The University of New Hampshire’s “Bias-Free Language Guide” considers the words “mothering” and “fathering” to be problematic, biased language.
According to Campus Reform, the guide suggests replacing “mothering” and “fathering” with words such as “parenting” in order to “avoid gendering a non-gendered activity.”
Originally published in 2013, the guide gained attention recently following Campus Reform’s piece.
In response to widespread backlash, including a tweet from presidential candidate Donald Trump, University of New Hampshire President Mark Huddleston issued a statement distancing the guide from official school policy:
“I want to make it absolutely clear that the views expressed in this guide are NOT the policy of the University of New Hampshire. . . . It is ironic that was probably a well-meaning effort to be ‘sensitive’ proves offensive to many people, myself included.”
University of New Hampshire has subsequently blocked the page, making the guide inaccessible.
In its efforts to be ‘sensitive’, The Bias-Free Language Guide ignores an important truth: mothering and fathering are in fact distinct and cannot be considered “non-gendered activities”.
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In a recent Daily Signal piece, The Heritage Foundation’s Ryan Anderson makes the point that “there is no such thing as ‘parenting.’ There is mothering, and there is fathering, and children do best with both.”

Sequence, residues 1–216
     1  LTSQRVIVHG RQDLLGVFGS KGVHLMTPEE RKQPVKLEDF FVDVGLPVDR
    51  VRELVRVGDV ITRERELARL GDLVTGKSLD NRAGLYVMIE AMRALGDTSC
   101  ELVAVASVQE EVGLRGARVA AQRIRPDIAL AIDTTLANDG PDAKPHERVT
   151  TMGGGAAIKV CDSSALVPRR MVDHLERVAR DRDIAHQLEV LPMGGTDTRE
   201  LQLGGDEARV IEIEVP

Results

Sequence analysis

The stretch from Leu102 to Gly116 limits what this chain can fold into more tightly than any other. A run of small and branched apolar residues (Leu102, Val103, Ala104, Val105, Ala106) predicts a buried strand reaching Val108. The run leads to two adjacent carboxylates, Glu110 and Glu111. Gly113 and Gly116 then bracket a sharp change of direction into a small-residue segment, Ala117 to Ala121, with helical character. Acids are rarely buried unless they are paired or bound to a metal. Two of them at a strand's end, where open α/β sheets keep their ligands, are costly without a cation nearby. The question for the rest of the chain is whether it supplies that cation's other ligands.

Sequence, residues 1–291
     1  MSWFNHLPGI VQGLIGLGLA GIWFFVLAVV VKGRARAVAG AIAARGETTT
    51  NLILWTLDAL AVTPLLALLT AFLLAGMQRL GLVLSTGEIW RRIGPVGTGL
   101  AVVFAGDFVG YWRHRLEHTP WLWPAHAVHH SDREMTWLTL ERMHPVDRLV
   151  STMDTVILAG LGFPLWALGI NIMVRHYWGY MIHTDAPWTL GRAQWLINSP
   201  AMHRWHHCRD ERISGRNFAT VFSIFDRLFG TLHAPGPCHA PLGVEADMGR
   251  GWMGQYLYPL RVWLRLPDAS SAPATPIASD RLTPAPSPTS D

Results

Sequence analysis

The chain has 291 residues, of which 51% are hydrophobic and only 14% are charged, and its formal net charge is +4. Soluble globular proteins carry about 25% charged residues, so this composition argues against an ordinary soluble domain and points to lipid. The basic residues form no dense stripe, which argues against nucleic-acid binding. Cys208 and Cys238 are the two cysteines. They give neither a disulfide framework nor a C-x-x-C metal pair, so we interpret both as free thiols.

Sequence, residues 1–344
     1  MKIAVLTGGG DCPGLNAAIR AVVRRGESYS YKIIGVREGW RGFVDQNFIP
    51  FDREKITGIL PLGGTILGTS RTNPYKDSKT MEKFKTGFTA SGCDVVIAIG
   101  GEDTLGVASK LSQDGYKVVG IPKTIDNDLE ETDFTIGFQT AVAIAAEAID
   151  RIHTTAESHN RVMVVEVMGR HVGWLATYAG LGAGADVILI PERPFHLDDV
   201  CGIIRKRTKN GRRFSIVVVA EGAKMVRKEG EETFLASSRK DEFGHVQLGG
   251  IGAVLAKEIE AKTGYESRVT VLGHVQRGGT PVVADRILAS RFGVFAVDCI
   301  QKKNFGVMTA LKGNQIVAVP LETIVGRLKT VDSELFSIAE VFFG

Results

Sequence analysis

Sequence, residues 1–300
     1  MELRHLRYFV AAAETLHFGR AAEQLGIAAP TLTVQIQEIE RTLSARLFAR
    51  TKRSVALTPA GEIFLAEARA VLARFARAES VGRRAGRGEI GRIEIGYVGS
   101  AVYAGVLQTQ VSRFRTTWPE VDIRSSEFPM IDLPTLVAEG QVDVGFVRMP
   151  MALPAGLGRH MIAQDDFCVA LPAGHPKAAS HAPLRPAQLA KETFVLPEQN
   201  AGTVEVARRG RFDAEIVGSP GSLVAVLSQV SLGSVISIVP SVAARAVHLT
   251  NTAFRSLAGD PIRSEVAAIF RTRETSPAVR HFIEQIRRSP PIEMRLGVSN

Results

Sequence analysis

Sociology, psychology, and biology all support the fact that the complementary interactions mothers and fathers have with their children make a difference in the child’s development.
For example, the distinctiveness of fathers is shown by the fact that 35 percent of girls in the United States whose fathers left before age 6 became pregnant as teenagers.
By contrast, only 5 percent of girls whose fathers stayed with them throughout childhood became pregnant as teenagers.
Through seeking to eradicate the “exclusive” terms “mothering” and “fathering” in favor of the gender-neutral “parenting,” the University of New Hampshire’s Bias-Free Language Guide disregards the distinct sacrifices and contributions that mothers and fathers make for their children.